Planning Documents:  The Congressional Representatives repeatedly complained that they were not getting an unsensored statement of the Coast Guard’s needs. It appears the Coast Guard is not being allowed provide this information. Rather it appears the GAO is telling the Coast Guard how much they will be getting and told to submit a budget that fits the predetermined amounts. Reportedly the Unfunded priorities list will be provided by the end of June. They also asked for the 5 year and 20 year plan (1h04:30). Coast Guard representatives were repeatedly told the Coast Guard does not say what they really need, that information provided by the Coast Guard is inadequate for the sub-committee to make decisions (1h48m).

It appears that the GAO continues to ask the Coast Guard to plan procurements based on historically low AC&I appropriations that were adequate for a time because of the sporadic character of Coast Guard ship building. They acknowledge that the current budget is not realistic. (43:45)

The Coast Guard is now consistent in requesting $2B in the AC&I annually and a 5% annual increase in its operating budget and that we need 5,000 additional active duty billets and 1,100 addtional reservists. There was a statement from one of the Representatives to the effect, We need you to fight for yourselves (1h50:30). The representatives were informed that the 5 year, 20 year plans and unfunded will be delivered together (1:56)

My opinion: we need a regularly revised Fleet Mix Study. That in turn should feed directly into a 30 year ship and aircraft procurement plan

Webber Class WPCs: The Coast Guard is reportedly pushing WPCs operations down as far as the coast of South America. (50:00) This confirms my earlier speculation that these ships would be operated in what had been WMEC roles. Six cutters for CENTCOM The representative confirmed that they had approved procurement of six Webber class requested by CENTCOM. Apparently their approval was in the form of the Coast Guard reauthorization bill which has still not been made law. Adm. Ray stated that these would be in addition to the 58 currently planned (9:30) and it is not clear how or when they would be funded. Adm Stosz indicated it was not certain six Webber class would be the Coast Guard’s choice in how to fill this requirement and the question required more study. (1h11)(1h41m).

Shore Facilities: Reportedly there is a $1.6B shore construction backlog. $700M shore facilities maintenance backlog. Some infrastructure improvements that directly support new operational platforms.are being accomplished under the platform programs (55:00) The representatives asked, why we have asked for only $10M if the total shore facilities backlog is $2.3B?(1h35)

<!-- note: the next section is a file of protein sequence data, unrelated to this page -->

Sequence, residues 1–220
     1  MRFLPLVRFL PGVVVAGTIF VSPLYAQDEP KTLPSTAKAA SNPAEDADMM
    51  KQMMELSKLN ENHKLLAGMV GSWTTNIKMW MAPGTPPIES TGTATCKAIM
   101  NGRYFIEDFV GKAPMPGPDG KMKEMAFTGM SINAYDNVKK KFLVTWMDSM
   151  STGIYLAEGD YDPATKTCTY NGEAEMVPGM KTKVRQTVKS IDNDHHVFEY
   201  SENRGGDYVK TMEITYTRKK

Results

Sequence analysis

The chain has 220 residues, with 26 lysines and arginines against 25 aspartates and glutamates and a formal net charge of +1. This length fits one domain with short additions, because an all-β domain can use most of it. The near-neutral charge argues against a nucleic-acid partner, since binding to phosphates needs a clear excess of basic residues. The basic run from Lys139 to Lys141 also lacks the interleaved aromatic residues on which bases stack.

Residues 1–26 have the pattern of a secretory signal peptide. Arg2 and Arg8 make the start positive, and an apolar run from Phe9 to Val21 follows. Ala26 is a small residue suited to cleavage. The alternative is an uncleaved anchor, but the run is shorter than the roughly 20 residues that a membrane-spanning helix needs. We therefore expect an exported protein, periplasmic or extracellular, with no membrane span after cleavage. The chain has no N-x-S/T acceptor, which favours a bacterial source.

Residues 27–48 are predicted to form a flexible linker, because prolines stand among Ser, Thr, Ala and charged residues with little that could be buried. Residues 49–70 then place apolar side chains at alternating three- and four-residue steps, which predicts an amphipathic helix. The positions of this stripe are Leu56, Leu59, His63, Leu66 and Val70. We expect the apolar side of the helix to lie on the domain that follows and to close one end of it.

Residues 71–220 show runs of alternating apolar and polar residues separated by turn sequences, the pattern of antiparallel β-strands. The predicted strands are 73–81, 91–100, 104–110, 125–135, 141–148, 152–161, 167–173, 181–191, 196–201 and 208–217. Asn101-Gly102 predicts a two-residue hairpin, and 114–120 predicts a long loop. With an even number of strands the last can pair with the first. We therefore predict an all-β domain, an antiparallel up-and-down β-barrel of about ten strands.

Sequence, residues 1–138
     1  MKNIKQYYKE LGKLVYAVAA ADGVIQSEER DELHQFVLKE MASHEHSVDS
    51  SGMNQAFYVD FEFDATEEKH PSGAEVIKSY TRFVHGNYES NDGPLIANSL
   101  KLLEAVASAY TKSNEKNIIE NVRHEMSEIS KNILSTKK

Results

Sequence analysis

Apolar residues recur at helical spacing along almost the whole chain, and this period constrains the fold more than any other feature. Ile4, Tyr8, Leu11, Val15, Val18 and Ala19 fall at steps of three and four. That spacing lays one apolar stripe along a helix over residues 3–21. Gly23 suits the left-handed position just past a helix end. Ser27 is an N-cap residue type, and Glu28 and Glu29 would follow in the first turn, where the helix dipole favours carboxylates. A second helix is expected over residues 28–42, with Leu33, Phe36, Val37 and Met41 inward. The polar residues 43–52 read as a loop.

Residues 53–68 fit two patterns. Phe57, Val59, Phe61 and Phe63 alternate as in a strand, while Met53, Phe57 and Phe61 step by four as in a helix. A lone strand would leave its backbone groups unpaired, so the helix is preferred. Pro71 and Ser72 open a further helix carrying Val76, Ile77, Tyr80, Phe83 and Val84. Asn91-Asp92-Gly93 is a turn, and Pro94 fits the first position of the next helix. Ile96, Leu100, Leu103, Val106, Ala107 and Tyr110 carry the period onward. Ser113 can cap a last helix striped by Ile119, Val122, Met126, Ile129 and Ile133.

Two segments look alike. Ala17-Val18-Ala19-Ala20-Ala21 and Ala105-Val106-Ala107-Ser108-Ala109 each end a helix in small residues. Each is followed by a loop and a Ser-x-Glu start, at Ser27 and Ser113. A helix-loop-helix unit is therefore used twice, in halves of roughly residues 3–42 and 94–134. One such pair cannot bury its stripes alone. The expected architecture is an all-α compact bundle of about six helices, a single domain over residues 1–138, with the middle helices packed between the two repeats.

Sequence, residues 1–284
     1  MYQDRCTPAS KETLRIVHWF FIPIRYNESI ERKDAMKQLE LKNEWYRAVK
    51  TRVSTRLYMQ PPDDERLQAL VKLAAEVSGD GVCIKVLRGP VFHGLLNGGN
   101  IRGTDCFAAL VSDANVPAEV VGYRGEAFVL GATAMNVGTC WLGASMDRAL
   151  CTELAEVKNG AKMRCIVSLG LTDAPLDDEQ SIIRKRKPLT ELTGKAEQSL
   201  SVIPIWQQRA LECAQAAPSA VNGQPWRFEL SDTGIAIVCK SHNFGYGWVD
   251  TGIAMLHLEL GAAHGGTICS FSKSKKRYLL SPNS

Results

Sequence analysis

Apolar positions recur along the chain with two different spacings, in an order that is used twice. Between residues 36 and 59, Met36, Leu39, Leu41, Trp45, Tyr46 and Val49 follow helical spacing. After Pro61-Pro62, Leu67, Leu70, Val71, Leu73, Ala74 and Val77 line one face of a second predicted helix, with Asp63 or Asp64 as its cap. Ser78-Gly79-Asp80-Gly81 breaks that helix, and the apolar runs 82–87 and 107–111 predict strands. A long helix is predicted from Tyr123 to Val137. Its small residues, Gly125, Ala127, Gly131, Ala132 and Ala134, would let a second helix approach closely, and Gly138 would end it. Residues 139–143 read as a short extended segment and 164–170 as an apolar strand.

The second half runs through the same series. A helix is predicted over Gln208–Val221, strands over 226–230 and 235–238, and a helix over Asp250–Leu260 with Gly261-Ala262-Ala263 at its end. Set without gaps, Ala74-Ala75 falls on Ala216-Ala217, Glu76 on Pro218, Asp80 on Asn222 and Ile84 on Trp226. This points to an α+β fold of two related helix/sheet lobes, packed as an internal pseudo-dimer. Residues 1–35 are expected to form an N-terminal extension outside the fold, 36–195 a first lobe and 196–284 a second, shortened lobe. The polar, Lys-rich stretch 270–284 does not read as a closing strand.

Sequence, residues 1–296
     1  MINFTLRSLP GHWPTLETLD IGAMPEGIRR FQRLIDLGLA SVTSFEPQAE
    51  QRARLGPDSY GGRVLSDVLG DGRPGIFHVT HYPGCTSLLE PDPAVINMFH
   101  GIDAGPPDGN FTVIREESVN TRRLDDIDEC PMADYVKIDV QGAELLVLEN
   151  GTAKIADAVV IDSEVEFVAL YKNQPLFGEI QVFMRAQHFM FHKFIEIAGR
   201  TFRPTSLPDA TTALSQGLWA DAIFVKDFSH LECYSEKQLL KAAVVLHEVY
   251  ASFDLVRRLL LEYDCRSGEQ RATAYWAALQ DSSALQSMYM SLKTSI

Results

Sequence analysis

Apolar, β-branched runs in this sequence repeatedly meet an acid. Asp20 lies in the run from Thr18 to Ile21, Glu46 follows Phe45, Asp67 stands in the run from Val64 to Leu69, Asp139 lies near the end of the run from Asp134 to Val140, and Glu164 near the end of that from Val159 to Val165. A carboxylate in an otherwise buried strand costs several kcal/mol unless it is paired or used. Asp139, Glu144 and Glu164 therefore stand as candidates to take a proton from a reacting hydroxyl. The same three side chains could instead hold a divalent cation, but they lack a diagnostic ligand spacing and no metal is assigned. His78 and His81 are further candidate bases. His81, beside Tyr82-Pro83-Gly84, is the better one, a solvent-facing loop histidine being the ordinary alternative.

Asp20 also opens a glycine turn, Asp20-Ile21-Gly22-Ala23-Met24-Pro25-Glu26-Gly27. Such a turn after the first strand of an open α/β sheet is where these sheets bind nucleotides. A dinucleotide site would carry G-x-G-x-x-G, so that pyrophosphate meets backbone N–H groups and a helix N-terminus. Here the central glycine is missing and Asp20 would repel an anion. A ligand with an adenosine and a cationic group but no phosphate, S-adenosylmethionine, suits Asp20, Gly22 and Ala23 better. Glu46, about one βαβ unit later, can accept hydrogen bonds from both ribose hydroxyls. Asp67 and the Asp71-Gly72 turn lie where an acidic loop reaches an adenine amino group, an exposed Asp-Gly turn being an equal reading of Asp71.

Icebreakers: The possibility of leasing the commercial icebreaker Aiviq is still being considered. (1h27) The owners have offered a plan for Ice trials and the Coast Guard has said it would be interested in observing. (1h29:50)

Great Lakes Icebreaker: Rep. Lewis brought up icebreaker for Great Lakes.Adm Ray says for now we will address with the existing fleet. (1h00:30) Priority is still Polar Ice Breakers.

eLoran: There seems to be considerable interest in eLoran to deal with GPS vulnerabilities. (1:22) The Navy League representative supported the need. The Re-Authorization Bill directs Secretary of Transportation to initiate E-Loran testing. There was a clear anticipation that the Coast Guard would support implementation.

Coast Guard Health Care: Looks like the Coast Guard heath care records system which reverted to paper now may be able to piggy back on the VA’s conversion to the DOD system. (1h25)/(1h32:30) There is currently a major gap in funding for medical care of CG retirees

A Better Armed Coast Guard: Not that the Representatives were specific, but there was a statement, “We want to weaponize you.” (5:55) I think I heard essentially a second time as well. I’m not sure what that means.

Rising Sea Levels: There was concern expressed regarding rising sea level and how they might impact shore facilities (1h12:20)